Category: Homesteading

An Alarming Debut

By , December 3, 2018

Yesterday, we got showers!

On Sunday, a friend came over and helped us complete the final stage of installing our new hot water heater, “The Iron Giant” (see “The Iron Giant” Comes!). We had to drill out some seized bolts on the wood stove’s flue spigot so that we could reconfigure our chimney, raising the Tee to the ceiling to allow a 90° connection for the water heater flue (yes, fellow homesteaders, we know that this is one of the worst chimney connections possible. People have been warning against it, yet using it for years).

Once we had that taken care of, and with the connections well tightened and proven leak-free (see “Paging Doctor Frankenstein . . .”), we went to bed, eagerly anticipating clean bodies and dishes come morning.

And yet, it wasn’t going to be that easy . . . .

wood-fired hot water heater

The new water heater in place, ready for the next surprise. Note aluminum heat shield on ceiling (Photo: Mark A. Zeiger).

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“Paging Doctor Frankenstein . . .”

By , November 29, 2018

Tuesday, I plumbed the new hot water heater, which I dubbed “The Iron Giant” (see “The Iron Giant” Comes!). Even though it’s a lot less complicated than the amazing stuff we needed to do to accommodate the differently-arranged Agua Heaters, I came away feeling like I needed the help of Victor Frankenstein!

wood-fired hot water heating plumbing

“The Iron Giant’s” plumbing, cold water intake, channeled down to external inlet (blue) pressure valve drain (black) and hot water outflow (red) (Photo: Mark A. Zeiger).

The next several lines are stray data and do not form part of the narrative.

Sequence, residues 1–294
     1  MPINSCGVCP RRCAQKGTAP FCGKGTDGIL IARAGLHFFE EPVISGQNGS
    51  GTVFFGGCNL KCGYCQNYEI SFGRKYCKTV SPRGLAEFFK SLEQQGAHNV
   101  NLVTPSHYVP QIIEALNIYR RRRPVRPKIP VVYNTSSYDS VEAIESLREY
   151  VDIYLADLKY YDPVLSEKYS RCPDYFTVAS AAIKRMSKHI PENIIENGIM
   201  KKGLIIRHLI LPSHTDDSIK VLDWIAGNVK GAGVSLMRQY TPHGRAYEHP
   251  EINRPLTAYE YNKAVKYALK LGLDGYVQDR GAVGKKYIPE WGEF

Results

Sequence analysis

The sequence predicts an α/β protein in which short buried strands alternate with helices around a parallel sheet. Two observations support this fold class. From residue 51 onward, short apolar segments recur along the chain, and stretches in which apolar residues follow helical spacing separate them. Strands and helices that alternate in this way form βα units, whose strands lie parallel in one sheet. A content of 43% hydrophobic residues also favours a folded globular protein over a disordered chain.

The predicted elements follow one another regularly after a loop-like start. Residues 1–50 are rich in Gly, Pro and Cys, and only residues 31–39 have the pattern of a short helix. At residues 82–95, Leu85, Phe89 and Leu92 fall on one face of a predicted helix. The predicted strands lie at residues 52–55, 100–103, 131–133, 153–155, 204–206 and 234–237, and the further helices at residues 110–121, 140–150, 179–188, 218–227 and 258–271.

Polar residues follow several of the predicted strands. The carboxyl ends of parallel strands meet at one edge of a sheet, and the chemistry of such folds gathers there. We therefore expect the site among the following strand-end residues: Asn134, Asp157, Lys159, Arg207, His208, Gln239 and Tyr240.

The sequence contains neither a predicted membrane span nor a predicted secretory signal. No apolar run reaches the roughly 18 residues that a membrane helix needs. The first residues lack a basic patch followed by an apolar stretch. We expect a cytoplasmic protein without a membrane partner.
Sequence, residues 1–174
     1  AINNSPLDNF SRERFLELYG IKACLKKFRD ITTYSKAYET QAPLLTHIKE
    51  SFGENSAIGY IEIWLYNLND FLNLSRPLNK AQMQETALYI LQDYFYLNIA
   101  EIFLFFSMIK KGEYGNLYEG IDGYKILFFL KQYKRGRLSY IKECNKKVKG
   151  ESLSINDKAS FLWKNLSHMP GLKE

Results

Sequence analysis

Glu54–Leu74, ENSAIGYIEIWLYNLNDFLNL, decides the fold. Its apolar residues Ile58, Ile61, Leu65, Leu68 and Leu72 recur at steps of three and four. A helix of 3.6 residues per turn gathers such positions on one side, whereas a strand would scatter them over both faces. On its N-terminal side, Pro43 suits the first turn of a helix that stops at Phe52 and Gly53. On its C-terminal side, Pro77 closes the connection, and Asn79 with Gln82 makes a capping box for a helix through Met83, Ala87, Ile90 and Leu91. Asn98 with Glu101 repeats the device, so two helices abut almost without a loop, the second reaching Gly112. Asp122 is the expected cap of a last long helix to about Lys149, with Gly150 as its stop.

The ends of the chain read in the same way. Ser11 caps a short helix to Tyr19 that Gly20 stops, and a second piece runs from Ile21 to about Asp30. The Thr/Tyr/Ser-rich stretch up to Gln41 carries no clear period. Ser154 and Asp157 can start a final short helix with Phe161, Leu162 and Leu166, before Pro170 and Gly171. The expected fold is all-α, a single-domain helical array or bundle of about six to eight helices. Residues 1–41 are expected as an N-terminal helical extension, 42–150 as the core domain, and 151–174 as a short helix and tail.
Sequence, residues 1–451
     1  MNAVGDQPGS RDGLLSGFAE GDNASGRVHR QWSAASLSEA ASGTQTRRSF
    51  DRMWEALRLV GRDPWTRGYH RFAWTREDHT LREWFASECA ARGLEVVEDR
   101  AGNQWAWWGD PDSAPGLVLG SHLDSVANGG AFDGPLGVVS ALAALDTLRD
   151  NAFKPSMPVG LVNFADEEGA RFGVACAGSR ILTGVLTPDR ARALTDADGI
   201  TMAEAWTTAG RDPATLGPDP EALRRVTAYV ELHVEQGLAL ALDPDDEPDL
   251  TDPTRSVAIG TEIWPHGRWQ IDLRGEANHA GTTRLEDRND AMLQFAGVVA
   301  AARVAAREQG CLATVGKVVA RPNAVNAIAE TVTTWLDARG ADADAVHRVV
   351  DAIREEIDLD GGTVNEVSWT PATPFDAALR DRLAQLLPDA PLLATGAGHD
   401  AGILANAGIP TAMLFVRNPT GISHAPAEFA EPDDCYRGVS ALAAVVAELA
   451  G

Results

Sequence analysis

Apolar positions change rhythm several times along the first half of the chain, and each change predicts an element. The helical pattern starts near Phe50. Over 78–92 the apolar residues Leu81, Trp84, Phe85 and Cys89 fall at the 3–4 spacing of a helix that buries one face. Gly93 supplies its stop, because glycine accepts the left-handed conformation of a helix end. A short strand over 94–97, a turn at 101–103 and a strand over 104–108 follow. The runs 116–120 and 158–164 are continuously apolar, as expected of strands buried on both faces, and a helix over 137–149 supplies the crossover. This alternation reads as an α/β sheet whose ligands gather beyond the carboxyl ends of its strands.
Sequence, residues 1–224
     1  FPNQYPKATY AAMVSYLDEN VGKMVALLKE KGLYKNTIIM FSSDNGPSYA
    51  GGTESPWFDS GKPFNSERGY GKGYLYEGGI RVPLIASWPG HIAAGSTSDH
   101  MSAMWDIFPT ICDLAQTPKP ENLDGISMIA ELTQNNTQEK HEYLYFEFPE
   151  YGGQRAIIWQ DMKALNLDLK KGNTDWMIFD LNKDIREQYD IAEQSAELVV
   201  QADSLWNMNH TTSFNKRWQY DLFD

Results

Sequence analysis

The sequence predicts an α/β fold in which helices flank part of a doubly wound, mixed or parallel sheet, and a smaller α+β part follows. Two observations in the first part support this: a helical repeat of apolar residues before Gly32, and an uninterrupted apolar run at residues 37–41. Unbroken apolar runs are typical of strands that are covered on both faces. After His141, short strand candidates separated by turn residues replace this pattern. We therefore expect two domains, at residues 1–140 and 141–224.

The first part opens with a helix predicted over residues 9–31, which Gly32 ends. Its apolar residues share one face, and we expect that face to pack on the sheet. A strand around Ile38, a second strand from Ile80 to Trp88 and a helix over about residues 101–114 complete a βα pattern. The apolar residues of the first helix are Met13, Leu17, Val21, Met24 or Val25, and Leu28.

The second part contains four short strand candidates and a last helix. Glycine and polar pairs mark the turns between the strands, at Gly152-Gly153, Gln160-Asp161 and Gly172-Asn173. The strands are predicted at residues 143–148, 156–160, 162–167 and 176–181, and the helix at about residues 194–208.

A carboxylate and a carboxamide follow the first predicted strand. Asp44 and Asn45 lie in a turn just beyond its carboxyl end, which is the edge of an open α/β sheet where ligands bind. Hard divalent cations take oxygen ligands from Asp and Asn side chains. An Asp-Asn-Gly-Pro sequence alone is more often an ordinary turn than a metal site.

As with most homestead and homespun projects, I ran into the dilemma between paying extra to make things simple and nice-looking, or go inexpensive, use what I already own, and maybe make something ugly and complicated, but functional. Surely, Mary Shelley’s Doctor Frankenstein went through this same process!

In the end, I think I made pretty good compromises. I managed to save us some money by using materials we already owned, and give myself some badly needed safety features in the process.

For instance, after I spent all day fitting it all together, I filled it with water, then Aly and I checked for drips. We found leaks in 5 different fittings. Some, I think I dry fitted, then forgot and left, but most of them I couldn’t fix by simply wrench tighter until the dripping stopped. We drained it, I disconnected the pipes in a few key places, and wrenched everything as tightly as I could before reassembling.

Wood-fired hot water heater plumbing

View from the other side, showing mixing valve (Photo: Mark A. Zeiger).

I have yet to test those newly-tightened joins. We’ve run into a serious delay in the next part of the process: reconfiguring our wood stove chimney to accommodate the new, taller heater’s chimney. I’ll wait till that’s further along before I try filling the tank again, simply because our house will be colder with an uninsulated metal bottle full of ice cold water.

At least I doubt I’ll need to page Doctor Frankenstein for the next phase. I’ll keep you posted.

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